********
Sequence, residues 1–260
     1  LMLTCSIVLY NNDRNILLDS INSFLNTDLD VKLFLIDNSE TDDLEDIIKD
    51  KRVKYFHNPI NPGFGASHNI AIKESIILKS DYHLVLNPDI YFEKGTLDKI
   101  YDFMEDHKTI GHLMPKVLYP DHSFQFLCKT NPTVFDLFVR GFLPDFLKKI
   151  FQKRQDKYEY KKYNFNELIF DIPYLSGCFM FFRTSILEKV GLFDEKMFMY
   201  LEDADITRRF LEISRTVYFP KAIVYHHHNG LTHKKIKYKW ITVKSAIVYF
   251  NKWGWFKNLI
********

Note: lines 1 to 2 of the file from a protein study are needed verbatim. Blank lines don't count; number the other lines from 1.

Sequence, residues 1–260
     1  LMLTCSIVLY NNDRNILLDS INSFLNTDLD VKLFLIDNSE TDDLEDIIKD